It is that combination—funding, time, and collaboration—that we know works in helping faculty to consider, and then switch to, using a variety of open resources and other zero-cost solutions. Faculty need the time to evaluate what is out there, to consider options, and even to remix and author their own projects. This takes compensated time off to do this—it’s no coincidence that the most successful programs offer these incentives and support to faculty who want to make the switch. It also takes a support team to encourage good pedagogy, incorporating the materials into the LMS, and ensuring that everything is accessible to all students. The truth is, open-source materials and zero cost solutions allow faculty to exercise their academic freedom in so many ways, but it all needs to be supported.

What, for you, are the best aspects of your current role at Cañada? What would you most like to see improved?

No question, the best aspects are that I work with the best students, helping them to achieve any and all of their goals. Just below that is that the level of collegiality, both at Cañada and across the district, is epic; I truly relish opportunities to work with my colleagues, so that we can achieve our goals and much more.

What I would like to be improved is the number of opportunities to move up for adjunct faculty. So many of us have been working in SMCCCD for 10 years or more—with good evaluations, with both interest and experience in participatory governance and other areas of service on the campus. Yet there are precious few opportunities for us to gain full-time employment with full benefits. That has to change; not just here, but throughout the academy.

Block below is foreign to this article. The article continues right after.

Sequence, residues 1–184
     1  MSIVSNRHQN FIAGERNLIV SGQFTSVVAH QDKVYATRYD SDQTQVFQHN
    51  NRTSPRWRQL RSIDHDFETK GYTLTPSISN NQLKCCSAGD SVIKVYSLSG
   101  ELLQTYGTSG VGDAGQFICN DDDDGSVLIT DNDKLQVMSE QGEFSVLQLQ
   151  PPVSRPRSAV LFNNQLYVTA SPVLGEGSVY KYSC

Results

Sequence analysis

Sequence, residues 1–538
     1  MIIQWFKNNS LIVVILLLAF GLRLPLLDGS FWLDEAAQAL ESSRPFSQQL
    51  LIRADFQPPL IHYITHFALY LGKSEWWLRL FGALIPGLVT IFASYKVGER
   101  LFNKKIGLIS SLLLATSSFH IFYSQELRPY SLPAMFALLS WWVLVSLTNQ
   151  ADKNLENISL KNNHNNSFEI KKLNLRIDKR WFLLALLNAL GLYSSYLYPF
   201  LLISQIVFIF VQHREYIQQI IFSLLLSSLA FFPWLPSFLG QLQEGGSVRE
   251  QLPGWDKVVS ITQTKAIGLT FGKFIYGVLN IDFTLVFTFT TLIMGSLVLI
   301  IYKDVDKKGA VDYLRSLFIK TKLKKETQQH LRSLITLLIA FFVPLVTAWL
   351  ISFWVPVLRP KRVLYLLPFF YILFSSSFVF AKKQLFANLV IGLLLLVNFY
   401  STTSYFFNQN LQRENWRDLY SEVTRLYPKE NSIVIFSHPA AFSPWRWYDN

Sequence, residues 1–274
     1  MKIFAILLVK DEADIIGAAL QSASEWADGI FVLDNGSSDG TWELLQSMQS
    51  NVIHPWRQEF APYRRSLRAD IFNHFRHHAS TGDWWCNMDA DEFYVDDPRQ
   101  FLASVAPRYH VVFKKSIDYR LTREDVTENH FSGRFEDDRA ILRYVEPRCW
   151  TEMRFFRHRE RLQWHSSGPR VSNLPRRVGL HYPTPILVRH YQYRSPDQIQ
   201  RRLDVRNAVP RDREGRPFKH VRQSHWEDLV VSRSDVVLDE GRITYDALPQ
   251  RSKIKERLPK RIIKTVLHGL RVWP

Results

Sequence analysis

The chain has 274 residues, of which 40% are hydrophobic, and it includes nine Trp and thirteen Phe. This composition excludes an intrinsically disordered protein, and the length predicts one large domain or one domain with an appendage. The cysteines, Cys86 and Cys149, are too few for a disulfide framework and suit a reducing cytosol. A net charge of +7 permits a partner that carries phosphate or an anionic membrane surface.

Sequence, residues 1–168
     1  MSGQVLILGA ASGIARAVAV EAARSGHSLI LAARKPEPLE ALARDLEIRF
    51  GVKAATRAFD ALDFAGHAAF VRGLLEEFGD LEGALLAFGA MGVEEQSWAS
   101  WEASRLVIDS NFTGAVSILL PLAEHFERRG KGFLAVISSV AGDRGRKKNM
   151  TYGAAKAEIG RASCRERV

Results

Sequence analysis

How have you been involved with the AFT union?

Mostly, I’ve been willing to lend a hand in speaking my truth—I’ve made statements at Board meetings and at other gatherings. I’ve attended a few meetings, and worked with various union leaders to inform them on some of the positions that have gone through governance. (My schedule usually keeps me from being able to regularly attend meetings or other activities.)

Are there particular gains you think are valuable for adjuncts in our most recent AFT contract?

No question, that pay raise was huge for us! To be able to finally have step-and-column pay rates, that makes it much more equitable. Additionally, the compensation for Flex Time/Days, regardless of when we are teaching, is an impactful one; this will encourage more adjuncts to come to our Flex Days and participate. Overall, adjunct faculty did get some major concessions… thanks!

There’s a lot of discussion about where faculty labor unions should try to go from here—“here” being a situation in which the majority of higher ed faculty are employed in precarious positions with little guarantee of a continuing assignment. Some people talk about building power to pressure administrators to convert all existing adjunct lines into tenure lines. But we also know some adjuncts are adjuncts by choice, or because they feel shut out of the tenure-track system, or due to some other factor in their lives. What’s your vision of the future we should work to achieve, and how do you think we can get there?